Duras’ wife is called Mahella, and she’s two years younger than him. Doctors diagnosed her with a spinal condition that’s slowly rendering her incapable of walking, moving, even thinking – but so slowly that Duras has almost accepted it.

It’s snowing, one night, and they sit together under a shopfront, Jonas’ boots shrouded in white.

“I’m losing her,” Duras says, numbly. “I don’t know how much longer she’ll last, but the doctors say it won’t be long.” He pauses, and snow falls past outside. “I’ve asked the Prior,” he continues, and there’s nothing but bitterness in his voice. “Begged him to help her.”

“Let me guess,” Jonas says, softly, when Duras falls silent. “It’s the will of the Ori.”

Duras doesn’t answer; just says, “Do you think he knows I don’t believe?”

Jonas leans back, his head resting against the cold glass of the shop window. (It’s a bed shop—bedframes and bedding and pillows in the hundreds—and he’s got his back to it because he spends his naps curled up under a blanket on the hard floor.) “It’s possible,” he answers. “The Prior has some level of psychic abilities – could extend to sensing your sympathies.”

“They could’ve followed me,” Duras says, quietly. “Seen me talking to you.”

Jonas smiles wryly. “Impossible.”

“What makes you so confident?”

It’s ironic, really. “If they knew,” he says, “I’d be dead.”

Duras doesn’t agree, but he doesn’t disagree, either.

Snow falls fast and thick, nowadays – and it’s not the depths of winter just yet, but it’s getting there.

In 17B’s basement there’s ice creeping down the walls, but Jonas just ignores the cold. It’s not like there’s any point in complaining, and no one to complain to. (Duras has his own problems; he can’t contact Kianna, not really; Lannus is still in the med centre, as far as he knows. That tugs at him, more than anything else.) He’s begun to talk to himself, purely because there’s no one else to talk to – and he remembers that Earth idea—first sign of madness—but the constant alertness and the loneliness and the thoughts in others minds of the beauty of Origin are probably driving him crazy, anyway.

But he speaks.

He finds the people out after curfew, and he greets them with a smile and a whisper of consolidarity. They’re wary, at first, and he could always reach into their minds and allay their fears – but that would make him as bad as the Prior, and there’s no way that that’s a title he’s going to aspire to. He speaks softly, and clocks their reactions and reacts in turn, and after a while, he finds people waiting for him, in the parks and the alleyways and the secret corners of the capital city that the patrols don’t check. They know his face from the newspapers; they know his name because he tells them it. They don’t know where he lives or who he is, really – just that the Prior wants him, dead or alive, and so he is to be protected. They smuggle him food and a new blanket (and one brings a sheathed knife that Jonas doesn’t want to take, but knows that he has to), and he tells them stories of SG-1: true stories in which the good guys win, and they inspire hope.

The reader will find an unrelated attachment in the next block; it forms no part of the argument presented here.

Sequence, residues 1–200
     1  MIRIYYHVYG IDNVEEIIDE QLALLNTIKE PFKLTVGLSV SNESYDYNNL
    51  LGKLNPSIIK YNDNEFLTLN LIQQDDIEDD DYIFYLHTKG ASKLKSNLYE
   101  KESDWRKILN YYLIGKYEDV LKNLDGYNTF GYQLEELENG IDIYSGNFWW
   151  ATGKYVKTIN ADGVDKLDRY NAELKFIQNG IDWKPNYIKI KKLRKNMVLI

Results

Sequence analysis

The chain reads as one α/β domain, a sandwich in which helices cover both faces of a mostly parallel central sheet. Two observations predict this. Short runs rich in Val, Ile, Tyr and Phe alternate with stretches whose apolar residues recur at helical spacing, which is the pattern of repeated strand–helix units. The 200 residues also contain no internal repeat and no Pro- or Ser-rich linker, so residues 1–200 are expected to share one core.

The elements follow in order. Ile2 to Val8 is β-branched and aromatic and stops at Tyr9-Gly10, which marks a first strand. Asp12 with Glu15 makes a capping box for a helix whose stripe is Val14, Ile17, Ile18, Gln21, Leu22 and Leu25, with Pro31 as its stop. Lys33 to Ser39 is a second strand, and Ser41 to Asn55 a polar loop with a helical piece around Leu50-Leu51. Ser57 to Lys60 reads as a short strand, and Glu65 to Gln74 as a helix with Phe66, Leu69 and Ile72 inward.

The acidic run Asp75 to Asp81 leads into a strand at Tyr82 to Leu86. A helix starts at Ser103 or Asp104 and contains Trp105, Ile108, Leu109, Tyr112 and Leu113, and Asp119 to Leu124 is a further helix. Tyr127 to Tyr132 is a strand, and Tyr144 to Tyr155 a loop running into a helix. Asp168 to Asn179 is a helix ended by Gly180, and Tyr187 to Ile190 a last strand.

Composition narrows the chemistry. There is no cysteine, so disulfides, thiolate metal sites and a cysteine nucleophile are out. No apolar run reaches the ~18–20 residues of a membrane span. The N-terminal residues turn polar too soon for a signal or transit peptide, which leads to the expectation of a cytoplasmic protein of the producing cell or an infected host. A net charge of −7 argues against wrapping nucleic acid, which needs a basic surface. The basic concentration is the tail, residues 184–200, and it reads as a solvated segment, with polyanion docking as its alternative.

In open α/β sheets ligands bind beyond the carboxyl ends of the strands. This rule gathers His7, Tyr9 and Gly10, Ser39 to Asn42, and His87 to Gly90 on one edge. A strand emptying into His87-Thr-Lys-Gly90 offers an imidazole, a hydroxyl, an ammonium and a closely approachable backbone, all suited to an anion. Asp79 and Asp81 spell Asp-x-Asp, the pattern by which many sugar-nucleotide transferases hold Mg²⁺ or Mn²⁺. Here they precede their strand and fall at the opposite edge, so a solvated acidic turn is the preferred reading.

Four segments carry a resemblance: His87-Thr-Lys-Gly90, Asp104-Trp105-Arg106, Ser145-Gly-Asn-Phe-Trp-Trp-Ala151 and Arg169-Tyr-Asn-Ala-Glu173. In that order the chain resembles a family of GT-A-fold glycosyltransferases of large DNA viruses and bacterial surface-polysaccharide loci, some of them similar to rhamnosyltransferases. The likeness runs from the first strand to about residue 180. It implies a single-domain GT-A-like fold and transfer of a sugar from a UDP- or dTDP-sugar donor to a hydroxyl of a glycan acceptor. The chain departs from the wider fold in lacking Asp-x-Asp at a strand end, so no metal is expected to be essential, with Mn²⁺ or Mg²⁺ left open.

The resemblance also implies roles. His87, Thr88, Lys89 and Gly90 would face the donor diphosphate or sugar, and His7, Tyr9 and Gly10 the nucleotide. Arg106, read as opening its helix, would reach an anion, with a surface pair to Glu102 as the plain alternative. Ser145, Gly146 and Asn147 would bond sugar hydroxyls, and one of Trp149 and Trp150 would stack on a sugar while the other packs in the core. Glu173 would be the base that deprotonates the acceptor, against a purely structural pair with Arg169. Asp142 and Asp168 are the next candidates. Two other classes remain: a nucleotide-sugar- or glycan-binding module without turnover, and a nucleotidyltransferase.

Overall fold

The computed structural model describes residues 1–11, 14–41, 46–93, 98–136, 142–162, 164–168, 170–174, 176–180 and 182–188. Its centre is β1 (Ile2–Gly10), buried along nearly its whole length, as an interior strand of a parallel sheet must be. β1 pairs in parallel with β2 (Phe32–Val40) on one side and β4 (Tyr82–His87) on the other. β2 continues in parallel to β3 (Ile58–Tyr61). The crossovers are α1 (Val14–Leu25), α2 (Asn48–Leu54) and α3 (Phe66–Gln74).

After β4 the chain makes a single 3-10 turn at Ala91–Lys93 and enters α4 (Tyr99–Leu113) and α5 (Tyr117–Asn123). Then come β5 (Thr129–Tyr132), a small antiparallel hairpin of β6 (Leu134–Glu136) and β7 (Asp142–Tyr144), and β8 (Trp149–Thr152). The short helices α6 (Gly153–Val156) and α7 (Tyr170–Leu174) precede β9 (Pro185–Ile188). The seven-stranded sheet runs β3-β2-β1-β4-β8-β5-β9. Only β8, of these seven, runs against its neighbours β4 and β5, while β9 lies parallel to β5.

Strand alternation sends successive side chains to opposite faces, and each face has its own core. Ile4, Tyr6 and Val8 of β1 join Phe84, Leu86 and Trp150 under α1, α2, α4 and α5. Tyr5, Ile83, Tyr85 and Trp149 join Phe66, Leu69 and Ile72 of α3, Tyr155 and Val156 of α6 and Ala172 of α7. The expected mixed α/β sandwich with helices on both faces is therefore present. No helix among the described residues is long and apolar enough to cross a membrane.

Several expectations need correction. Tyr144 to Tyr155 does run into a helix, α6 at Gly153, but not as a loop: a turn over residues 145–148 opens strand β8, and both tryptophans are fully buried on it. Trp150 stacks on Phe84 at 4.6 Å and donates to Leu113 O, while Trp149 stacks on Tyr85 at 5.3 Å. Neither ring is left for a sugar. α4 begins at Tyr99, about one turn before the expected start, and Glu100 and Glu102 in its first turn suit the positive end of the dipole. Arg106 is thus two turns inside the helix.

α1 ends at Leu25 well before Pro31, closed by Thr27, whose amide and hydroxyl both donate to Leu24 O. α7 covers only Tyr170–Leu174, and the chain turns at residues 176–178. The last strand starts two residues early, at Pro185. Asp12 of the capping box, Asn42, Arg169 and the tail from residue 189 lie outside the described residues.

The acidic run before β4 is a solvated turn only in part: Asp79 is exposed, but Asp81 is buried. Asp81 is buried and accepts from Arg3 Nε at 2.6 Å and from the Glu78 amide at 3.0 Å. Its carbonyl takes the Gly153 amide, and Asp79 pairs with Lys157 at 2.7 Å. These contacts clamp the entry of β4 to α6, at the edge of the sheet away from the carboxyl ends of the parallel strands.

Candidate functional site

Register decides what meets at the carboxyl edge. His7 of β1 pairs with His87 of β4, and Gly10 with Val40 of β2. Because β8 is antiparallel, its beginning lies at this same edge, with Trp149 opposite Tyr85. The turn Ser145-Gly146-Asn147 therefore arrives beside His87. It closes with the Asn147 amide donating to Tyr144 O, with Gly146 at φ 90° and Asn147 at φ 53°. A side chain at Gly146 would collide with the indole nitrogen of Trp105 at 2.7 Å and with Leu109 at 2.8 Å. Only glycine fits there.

He knows SG-1 are not coming, though, not this time, and so he becomes SG-1; becomes the mythic, and he hates that he does. Nonetheless: faith in his people wraps itself around him, and he is complacent, almost – but he can’t rest, not now, not ever. (He feels the Prior’s mind, sometimes, when he walks the city’s streets – reaching, probing, searching. He’s hidden, though, because hiding is something he’s become very good at.)

Word spreads of a man who blazes in his disbelief, and has not been struck down.

to be continued

next: [Winter has become bitter when, at night, he ventures back into the heart of the city.]

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Comments {5}


from: laetificat
date: Aug. 20th, 2010 03:27 pm (UTC)

Nice beginning! I can't wait to see where this goes. :)

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from: vixys
date: Aug. 20th, 2010 04:30 pm (UTC)

Thanks! ♥

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from: normaltrouble
date: Aug. 21st, 2010 08:08 am (UTC)

Very very good...I just saw some pictures of Corin Nemec from 2 years ago at Dragoncon--he looked more rugged, slender, something different than the softer man that we see in SG1, and now this, and it's a perfect combination--I can see Jonas, and how you wrote this really drew me in. It's so odd that I was just looking at those pictures...
(run on sentence is run on)

Thanks and am looking forward to the continuation.

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from: vixys
date: Aug. 21st, 2010 09:40 am (UTC)

Ooh - can you link me to those pictures? Sounds like the world's conspiring with me. :D

Thank you. ♥♥

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from: normaltrouble
date: Aug. 23rd, 2010 09:48 am (UTC)

Here is one link and they seem to be from a few years ago, but I think might help with some visualization...

I honestly didn't recognize him at first when I saw some of these pictures.

Corin Nemec

There are some clearer, but I couldn't find them...and one of him looking very pensive indeed.

Edited at 2010-08-23 09:49 am (UTC)